audio_play.text_to_speech("I hate you")

    # give Arkwood a break before nagging him again

First up, Arkwood’s mechanical paramour asks him “Do you love me”, harnessing the code from my previous post. We are using Text To Speech to convert words to sound, playing her question through the computer speakers.

Next, Arkwood responds to her question by saying Yes, Maybe or No through the microphone. My post Audio with Python provides detail of how to record snippets of audio.

Now we get to the part that this post is all about – Speech To Text. We are analysing the recorded audio and detecting the word Yes, Maybe or No. More on this later.

Lastly, we check the answer Arkwood has given his girlfriend. If he has responded Yes then his android sweetheart says “I love you” through the computer speakers. If he responds “Maybe” then she says “Please love me”. If he responds No, she says “I hate you”.

Time for a demo…


Cool. Debug output confirms the conversation between our two lovers (albeit the lover that doesn’t smell of cabbage doesn’t actually exist).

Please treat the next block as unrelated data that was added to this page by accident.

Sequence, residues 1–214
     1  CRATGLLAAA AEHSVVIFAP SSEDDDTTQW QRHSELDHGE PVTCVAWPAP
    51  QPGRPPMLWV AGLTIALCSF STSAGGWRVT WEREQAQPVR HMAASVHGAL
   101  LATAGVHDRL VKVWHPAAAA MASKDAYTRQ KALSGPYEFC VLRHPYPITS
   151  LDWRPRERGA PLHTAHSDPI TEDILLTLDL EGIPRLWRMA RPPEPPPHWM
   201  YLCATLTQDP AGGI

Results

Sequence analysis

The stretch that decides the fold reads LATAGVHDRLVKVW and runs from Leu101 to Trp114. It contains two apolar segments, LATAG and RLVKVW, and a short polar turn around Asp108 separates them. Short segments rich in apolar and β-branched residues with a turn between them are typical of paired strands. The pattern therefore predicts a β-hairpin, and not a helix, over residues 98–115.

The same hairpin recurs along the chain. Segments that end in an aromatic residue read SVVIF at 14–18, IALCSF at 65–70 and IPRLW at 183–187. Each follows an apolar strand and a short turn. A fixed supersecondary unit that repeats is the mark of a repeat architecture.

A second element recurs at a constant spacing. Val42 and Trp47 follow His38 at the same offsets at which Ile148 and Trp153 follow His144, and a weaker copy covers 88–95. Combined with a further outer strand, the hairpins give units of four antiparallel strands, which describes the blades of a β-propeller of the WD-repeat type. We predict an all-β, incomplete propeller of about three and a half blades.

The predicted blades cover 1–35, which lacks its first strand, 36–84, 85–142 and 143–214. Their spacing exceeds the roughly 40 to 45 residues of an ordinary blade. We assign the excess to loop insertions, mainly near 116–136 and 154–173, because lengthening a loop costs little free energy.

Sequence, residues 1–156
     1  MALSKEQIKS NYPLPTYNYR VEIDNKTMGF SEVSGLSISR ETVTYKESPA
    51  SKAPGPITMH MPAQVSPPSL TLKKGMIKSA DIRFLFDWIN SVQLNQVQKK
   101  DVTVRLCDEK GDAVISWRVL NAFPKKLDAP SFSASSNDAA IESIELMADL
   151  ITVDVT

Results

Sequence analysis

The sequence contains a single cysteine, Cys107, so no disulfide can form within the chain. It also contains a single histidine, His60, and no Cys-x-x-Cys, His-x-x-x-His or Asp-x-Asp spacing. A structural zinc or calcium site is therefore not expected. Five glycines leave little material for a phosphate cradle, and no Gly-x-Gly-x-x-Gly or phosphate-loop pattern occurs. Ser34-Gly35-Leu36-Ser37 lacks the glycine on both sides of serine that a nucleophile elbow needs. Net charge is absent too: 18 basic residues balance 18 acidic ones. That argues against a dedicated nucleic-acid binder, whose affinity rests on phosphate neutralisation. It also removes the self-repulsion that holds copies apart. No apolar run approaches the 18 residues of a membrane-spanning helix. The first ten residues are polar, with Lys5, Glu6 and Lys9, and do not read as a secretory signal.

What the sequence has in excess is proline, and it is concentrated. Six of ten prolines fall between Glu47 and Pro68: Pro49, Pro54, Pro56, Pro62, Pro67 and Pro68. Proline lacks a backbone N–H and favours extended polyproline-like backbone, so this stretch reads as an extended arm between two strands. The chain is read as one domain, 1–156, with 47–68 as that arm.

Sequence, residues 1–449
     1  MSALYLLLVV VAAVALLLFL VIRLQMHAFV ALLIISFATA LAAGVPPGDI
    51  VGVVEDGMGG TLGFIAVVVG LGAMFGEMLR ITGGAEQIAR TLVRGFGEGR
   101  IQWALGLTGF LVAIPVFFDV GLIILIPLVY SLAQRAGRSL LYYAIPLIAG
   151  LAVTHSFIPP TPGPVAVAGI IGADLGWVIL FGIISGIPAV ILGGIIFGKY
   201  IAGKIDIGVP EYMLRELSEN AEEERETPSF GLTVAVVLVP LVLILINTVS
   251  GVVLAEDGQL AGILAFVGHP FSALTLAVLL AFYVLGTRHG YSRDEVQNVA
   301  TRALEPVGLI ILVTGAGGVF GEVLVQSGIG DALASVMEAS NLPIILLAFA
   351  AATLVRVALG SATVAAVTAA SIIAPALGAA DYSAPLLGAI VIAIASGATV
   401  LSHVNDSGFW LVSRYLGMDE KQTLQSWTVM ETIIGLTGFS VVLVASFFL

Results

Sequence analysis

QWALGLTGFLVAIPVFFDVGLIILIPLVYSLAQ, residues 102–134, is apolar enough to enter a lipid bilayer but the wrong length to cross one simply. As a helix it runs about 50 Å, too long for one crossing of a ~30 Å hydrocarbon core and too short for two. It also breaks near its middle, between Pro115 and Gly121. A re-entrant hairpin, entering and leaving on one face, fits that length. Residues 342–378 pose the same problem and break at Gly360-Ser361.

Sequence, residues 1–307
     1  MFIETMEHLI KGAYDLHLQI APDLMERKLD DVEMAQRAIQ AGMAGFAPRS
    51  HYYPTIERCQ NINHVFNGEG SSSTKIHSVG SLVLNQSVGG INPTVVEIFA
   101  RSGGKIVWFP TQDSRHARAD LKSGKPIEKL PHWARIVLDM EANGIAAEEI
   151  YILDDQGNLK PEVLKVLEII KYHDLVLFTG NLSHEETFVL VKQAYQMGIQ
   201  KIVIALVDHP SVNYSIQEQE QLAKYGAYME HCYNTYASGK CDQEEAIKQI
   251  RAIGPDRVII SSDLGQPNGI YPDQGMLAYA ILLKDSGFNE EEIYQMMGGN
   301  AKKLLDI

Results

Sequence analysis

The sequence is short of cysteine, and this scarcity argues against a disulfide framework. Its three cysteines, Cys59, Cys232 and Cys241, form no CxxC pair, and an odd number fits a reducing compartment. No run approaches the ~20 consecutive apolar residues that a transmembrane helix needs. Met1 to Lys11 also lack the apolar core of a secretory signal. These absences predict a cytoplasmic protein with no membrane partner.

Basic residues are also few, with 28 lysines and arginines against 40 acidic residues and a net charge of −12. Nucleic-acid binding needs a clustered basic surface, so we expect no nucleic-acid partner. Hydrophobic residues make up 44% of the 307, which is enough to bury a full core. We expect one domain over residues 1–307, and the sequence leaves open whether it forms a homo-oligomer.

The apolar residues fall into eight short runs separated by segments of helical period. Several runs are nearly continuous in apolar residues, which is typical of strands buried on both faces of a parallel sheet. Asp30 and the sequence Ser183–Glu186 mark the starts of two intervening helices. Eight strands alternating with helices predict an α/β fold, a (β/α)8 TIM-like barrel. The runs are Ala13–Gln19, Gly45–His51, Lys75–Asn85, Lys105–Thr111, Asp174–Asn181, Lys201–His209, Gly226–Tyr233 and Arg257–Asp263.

Converting speech to text

So how exactly did we analyse the word that Arkwood spoke through the microphone? Let’s take a look at the speech_to_text method of our AudioAnalysis class:

from scipy.io import wavfile
from pylab import *
from constants import *

class AudioAnalysis(object):
    SLICE_SIZE = 2205
    MAYBE_PATTERN = [3,2,1]

    def speech_to_text(self, wave_file):
        # read voice file
        rate, data = wavfile.read(wave_file)
        data = data / (2.**15)
        # get blob indices and count
        blob_indices = self._blob_indices(data)
        blob_count = len(blob_indices)

        # get pattern match
        is_pattern_match = False